If I were trying to make a Raman setup on the cheap and had plenty of time to scan a sample, I think I would wavelength disperse the beam and scan a photodiode across it. Using a photodiode has the advantage of detailed spec sheets and sample circuit diagrams many places on the internet.
A solar cell is a photodiode. A photodiode might not be the best detector though.
Most commercial Raman spectrometers use CCDs (charge coupled devices) for detection, and these are relatively cheap and abundantly available: they are widely used in digital cameras. They are also fast. If you disperse the scattered light with a diffraction grating, a CCD array can easily detect a decent fraction of the relevant spectrum simultaneously, as opposed to sweeping the diffracted light past a single photodiode.
no, i mean is there any way to build a homemade raman spectroscope that detects carbon nanotubes other than use a solar panel and diffraction grating. it doesn't have to use a solar panel and diffraction grating. it can use any other components instead. it uses something other than a solar panel and diffraction grating instead. i don't think you understood that question.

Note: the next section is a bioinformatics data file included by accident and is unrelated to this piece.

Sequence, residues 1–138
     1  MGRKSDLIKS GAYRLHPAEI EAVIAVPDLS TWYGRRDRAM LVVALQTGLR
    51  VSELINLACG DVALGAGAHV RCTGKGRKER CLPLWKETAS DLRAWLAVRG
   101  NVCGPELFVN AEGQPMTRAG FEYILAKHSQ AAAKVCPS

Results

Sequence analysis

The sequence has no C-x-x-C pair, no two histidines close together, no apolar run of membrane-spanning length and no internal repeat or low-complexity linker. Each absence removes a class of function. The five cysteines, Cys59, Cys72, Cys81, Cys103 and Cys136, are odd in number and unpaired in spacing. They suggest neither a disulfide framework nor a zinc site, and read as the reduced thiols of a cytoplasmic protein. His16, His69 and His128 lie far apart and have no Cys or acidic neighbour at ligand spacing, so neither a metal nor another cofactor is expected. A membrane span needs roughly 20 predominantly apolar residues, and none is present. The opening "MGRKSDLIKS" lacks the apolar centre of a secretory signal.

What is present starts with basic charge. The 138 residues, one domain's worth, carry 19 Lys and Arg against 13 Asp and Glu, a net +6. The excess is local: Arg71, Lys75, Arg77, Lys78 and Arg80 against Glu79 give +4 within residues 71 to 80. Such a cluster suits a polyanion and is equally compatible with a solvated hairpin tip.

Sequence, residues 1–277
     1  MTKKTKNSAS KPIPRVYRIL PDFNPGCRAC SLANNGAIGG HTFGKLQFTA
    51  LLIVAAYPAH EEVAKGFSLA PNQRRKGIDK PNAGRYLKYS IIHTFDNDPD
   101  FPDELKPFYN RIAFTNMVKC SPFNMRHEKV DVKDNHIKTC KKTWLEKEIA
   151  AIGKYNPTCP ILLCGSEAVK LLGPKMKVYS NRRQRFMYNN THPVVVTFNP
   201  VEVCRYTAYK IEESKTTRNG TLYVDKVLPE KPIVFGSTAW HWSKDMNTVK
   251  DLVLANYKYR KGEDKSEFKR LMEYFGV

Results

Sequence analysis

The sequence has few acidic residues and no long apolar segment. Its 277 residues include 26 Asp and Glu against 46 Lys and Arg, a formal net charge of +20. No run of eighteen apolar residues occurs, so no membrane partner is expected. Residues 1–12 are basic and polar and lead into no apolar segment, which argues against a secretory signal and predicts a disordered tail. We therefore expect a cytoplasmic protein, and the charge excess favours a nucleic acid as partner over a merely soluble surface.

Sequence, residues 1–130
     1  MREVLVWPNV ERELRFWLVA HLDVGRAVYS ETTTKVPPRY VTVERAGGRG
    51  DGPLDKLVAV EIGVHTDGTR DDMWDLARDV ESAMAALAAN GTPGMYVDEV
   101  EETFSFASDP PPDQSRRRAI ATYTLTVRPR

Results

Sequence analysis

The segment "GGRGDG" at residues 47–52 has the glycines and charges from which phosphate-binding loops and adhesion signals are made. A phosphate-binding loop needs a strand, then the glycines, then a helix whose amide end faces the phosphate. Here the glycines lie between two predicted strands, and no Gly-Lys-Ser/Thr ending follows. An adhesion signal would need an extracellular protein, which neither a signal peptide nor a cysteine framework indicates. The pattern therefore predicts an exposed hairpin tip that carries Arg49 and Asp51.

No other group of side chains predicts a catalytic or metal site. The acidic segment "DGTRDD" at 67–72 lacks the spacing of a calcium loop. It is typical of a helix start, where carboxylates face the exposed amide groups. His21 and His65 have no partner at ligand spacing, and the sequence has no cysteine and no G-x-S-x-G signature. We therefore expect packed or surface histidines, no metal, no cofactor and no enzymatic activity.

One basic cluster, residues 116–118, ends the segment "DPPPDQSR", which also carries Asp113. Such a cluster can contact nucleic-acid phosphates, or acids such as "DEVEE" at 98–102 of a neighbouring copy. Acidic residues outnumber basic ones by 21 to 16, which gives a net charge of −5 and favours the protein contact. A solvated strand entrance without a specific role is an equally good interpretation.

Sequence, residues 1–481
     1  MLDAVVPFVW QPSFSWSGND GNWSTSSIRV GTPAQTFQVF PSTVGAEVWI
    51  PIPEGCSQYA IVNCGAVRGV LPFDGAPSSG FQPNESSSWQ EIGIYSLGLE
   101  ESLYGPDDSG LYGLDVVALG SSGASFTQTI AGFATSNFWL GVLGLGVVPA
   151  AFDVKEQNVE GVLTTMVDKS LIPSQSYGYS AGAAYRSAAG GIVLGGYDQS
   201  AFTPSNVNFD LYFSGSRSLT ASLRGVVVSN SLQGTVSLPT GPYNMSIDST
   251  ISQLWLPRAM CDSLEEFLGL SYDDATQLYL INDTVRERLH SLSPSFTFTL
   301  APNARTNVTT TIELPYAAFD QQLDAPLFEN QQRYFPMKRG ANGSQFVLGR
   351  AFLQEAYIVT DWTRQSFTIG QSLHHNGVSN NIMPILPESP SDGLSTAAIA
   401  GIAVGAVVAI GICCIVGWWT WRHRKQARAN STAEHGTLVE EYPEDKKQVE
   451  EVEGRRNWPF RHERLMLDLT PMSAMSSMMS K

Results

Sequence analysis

Again, you show no signs of having watched that video. Do you have a HeNe laser? Do you have a notch filter? The only equipment you've mentioned is solar panels and diffraction gratings - now you say you won't use it, but you won't say what you will use. I think the only possible answer is "No, you won't be able to do this."